Skip to Content
Tech policy

How Trump’s new tariffs could damage American tech

A plan to punish China could end up hurting American companies and employment.

The news: The US will place 25 percent levies on “about $60 billion” of imports from China. Electronics and machinery are likely to be on the list of affected items.

The rationale: The US government worries that China uses investment in the US, as well as espionage, to collect American intellectual property on tech, and that what it learns this way is central to its growing dominance. The tariffs are a retaliation.

The impact: Trump’s plan will obviously hurt China. But it could affect American technology firms and the wider economy, too:

— US firms that manufacture in, or ship components from, China will likely be hit by price hikes, which may be passed on to consumers. It’s unclear if American firms like Apple might be given exemptions to allow them to ship products from China to America without incurring the tariffs.
— Wired notes that “effects could be felt beyond hardware companies,” pointing out that “Chinese suppliers are important to the Open Compute Project that internet companies such as Facebook, Google, and Microsoft support to make servers and other data center equipment cheaper.”
— The Internet Association warns that some of those effects could combine to cause job losses at American firms.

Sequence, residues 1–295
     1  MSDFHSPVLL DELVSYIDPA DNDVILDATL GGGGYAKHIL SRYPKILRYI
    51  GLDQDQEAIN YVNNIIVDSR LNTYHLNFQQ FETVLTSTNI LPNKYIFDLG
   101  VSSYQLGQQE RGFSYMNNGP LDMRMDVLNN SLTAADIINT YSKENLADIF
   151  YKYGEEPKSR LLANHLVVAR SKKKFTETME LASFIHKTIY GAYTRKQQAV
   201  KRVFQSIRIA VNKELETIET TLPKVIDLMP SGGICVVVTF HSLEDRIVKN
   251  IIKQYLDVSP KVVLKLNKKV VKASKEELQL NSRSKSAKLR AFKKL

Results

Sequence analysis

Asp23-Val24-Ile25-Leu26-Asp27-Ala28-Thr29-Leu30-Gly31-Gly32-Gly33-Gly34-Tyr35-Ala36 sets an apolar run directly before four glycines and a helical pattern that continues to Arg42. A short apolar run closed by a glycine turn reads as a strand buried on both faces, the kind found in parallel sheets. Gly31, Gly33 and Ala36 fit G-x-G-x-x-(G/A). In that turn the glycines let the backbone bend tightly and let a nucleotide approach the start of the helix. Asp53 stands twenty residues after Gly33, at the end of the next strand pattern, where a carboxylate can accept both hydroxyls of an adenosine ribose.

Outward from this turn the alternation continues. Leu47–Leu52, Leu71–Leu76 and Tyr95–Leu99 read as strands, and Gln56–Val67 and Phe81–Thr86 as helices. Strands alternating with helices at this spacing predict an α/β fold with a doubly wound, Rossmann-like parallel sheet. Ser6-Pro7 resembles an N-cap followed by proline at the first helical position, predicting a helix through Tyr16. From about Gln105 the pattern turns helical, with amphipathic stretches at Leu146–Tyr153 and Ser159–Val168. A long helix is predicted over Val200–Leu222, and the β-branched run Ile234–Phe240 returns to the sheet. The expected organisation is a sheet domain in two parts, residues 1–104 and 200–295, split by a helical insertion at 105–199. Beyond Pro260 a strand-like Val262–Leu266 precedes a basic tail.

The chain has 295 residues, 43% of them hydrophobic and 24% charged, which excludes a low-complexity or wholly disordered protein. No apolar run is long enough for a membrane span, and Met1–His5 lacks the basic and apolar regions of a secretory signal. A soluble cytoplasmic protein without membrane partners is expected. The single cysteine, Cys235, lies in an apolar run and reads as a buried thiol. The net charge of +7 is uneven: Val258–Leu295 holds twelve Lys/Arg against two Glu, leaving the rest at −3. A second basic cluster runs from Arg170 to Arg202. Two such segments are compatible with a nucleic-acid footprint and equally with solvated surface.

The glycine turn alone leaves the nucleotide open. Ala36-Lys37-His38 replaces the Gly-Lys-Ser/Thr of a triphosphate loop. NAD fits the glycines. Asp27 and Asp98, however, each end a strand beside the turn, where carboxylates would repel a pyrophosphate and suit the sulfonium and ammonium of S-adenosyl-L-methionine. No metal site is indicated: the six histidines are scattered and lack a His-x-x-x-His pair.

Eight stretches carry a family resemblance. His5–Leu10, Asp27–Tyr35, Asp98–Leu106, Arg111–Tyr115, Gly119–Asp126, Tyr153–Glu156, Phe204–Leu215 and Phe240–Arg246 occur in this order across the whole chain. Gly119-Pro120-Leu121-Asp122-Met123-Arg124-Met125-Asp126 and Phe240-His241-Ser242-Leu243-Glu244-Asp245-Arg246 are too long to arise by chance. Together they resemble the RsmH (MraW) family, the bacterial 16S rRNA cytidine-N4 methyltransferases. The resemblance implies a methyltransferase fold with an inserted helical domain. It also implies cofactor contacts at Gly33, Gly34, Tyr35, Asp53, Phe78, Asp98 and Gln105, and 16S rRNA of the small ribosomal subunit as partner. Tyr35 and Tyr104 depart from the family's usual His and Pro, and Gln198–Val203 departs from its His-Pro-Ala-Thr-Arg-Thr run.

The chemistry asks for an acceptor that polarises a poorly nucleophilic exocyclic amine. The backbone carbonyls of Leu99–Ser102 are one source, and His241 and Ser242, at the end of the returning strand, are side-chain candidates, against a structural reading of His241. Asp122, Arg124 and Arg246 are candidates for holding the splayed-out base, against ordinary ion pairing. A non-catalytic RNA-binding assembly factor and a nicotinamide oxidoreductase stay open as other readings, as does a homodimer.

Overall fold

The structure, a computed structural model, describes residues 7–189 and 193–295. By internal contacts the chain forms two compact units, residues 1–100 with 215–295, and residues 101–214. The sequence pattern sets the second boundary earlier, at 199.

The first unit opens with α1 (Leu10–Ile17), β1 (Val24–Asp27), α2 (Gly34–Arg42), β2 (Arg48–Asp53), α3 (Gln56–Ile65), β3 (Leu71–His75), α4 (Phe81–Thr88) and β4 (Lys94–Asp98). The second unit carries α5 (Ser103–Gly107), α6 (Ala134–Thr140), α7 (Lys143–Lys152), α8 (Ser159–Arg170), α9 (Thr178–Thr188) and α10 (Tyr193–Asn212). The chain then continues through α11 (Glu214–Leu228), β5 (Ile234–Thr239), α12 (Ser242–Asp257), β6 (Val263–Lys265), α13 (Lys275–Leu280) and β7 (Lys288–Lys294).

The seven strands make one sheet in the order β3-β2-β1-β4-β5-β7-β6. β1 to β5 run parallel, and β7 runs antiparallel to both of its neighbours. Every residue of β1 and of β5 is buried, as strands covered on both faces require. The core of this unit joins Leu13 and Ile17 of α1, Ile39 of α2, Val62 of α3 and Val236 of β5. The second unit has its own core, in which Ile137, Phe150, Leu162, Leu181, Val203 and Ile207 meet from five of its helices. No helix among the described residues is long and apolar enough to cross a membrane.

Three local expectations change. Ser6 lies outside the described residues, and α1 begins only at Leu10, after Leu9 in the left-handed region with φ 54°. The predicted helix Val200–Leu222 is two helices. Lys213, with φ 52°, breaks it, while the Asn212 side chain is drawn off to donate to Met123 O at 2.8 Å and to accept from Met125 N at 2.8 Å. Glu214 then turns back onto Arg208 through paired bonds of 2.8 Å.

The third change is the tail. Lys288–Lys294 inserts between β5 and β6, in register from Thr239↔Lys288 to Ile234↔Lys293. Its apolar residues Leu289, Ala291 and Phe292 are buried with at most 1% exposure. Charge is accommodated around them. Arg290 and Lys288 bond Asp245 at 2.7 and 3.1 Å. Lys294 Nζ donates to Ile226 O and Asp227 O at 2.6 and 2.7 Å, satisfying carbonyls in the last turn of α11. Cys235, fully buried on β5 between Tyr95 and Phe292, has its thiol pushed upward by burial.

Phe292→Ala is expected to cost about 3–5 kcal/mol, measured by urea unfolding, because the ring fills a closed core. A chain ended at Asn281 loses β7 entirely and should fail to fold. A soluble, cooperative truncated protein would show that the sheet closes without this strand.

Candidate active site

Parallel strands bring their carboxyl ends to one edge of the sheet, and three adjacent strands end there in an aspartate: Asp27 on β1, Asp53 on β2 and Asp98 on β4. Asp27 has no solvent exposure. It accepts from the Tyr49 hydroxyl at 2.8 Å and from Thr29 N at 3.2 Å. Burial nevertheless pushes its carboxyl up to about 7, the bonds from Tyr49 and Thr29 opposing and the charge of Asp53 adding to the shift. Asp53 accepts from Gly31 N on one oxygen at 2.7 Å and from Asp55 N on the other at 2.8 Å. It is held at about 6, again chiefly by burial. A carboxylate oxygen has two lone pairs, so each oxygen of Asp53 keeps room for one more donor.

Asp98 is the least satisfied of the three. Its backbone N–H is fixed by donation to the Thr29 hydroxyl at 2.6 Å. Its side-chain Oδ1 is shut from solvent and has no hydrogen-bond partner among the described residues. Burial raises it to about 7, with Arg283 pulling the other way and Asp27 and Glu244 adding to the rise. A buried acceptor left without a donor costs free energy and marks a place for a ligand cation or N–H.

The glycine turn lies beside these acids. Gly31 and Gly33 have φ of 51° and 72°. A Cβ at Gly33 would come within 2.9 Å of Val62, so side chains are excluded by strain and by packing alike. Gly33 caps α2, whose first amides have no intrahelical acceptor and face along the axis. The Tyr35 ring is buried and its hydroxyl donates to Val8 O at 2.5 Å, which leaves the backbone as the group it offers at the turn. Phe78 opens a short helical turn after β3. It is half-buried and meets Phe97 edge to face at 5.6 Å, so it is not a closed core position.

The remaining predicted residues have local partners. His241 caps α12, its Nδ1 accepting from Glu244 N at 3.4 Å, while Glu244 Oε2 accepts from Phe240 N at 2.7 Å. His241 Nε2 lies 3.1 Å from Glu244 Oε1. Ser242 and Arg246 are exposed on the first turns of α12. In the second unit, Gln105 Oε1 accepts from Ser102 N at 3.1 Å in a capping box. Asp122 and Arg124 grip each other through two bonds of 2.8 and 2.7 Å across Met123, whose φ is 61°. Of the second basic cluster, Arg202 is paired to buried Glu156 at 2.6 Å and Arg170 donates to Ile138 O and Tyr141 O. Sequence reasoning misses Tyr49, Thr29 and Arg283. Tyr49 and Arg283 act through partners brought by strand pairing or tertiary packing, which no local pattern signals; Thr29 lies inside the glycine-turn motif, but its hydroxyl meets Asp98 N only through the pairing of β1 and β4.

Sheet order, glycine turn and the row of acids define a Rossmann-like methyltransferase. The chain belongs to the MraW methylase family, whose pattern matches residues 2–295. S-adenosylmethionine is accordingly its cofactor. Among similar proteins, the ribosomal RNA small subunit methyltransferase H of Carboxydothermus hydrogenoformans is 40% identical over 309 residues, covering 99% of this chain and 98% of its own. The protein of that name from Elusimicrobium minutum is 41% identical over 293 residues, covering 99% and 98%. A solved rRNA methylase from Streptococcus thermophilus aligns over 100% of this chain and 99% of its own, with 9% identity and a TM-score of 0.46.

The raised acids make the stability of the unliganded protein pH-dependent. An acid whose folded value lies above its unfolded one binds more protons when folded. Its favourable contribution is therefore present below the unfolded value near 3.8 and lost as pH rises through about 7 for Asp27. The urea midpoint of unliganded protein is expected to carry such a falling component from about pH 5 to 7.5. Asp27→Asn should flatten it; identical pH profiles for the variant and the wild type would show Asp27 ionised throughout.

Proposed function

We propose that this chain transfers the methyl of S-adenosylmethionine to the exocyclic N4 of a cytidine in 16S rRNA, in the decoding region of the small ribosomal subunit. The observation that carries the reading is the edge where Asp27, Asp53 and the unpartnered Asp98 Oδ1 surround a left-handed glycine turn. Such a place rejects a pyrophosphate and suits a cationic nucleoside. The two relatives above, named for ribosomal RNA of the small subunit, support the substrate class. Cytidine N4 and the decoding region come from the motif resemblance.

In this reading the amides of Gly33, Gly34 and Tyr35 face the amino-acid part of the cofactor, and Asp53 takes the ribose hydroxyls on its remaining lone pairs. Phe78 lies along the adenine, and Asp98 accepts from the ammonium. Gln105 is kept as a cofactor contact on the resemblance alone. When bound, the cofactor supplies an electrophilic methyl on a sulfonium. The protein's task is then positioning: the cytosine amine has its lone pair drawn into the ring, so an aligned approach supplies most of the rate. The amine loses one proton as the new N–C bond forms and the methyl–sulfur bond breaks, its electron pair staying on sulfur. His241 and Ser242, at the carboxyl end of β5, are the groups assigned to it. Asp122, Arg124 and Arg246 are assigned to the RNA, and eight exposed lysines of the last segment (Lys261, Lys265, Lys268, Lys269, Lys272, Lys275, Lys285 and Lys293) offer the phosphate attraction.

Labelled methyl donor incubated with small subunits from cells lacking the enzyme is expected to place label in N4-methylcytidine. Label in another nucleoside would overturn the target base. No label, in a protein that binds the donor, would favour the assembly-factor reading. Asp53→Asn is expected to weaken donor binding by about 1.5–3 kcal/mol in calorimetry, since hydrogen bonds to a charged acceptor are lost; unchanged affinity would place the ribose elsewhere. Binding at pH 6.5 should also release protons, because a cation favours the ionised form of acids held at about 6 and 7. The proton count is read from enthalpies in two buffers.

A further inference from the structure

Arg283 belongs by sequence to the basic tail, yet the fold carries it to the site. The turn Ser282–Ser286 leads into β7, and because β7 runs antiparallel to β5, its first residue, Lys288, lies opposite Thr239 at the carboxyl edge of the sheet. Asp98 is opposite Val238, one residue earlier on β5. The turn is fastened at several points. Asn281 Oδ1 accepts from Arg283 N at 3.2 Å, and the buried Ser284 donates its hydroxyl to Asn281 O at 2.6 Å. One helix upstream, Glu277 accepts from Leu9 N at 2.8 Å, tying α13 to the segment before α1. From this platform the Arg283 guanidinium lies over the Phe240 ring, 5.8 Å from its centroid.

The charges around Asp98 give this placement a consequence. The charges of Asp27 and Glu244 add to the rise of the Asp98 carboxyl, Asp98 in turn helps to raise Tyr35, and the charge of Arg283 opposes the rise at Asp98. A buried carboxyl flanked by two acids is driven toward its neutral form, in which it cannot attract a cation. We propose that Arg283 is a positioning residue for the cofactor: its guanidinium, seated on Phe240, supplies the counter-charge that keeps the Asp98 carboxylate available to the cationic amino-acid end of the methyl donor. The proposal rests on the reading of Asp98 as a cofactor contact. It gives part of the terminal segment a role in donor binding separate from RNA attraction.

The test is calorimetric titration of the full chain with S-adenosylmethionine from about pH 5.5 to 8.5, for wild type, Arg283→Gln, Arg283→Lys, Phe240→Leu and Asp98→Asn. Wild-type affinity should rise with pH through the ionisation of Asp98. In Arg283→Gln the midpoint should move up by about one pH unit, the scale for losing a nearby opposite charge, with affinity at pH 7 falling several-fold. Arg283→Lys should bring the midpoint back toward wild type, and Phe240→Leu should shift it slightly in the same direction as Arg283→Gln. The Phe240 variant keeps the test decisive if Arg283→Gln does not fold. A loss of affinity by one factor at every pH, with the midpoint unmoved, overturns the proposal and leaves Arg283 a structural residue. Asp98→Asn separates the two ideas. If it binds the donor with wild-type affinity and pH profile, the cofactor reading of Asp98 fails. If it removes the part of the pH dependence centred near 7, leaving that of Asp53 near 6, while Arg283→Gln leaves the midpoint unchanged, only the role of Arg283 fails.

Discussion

— The move could also push some Chinese firms to manufacture in America in order to dodge the levies. That certainly wouldn’t be what Trump intended—though he might welcome their jobs, as long as they don’t try to invest in US companies.

Start of a war? China is already hitting back, threatening tariffs worth $3 billion on US goods. If this gets worse and turns into a bitter dispute, America—and its tech firms—might not win.

Deep Dive

Tech policy

The US Navy wants swarms of thousands of small drones

Budget documents reveal plans for the Super Swarm project, a way to overwhelm defenses with vast numbers of drones attacking simultaneously.

A wrongfully terminated Chinese-American scientist was just awarded nearly $2 million in damages

"The settlement makes clear that when the government discriminates, it’s going to be held accountable," said Sherry Chen's lawyer.

Inside effective altruism, where the far future counts a lot more than the present

The giving philosophy, which has adopted a focus on the long term, is a conservative project, consolidating decision-making among a small set of technocrats.

The Chinese surveillance state proves that the idea of privacy is more “malleable” than you’d expect

The authors of "Surveillance State" discuss what the West misunderstands about Chinese state control and whether the invasive trajectory of surveillance tech can still be reversed.

Stay connected

Illustration by Rose Wong

Get the latest updates from
MIT Technology Review

Discover special offers, top stories, upcoming events, and more.

Thank you for submitting your email!

Explore more newsletters

It looks like something went wrong.

We’re having trouble saving your preferences. Try refreshing this page and updating them one more time. If you continue to get this message, reach out to us at customer-service@technologyreview.com with a list of newsletters you’d like to receive.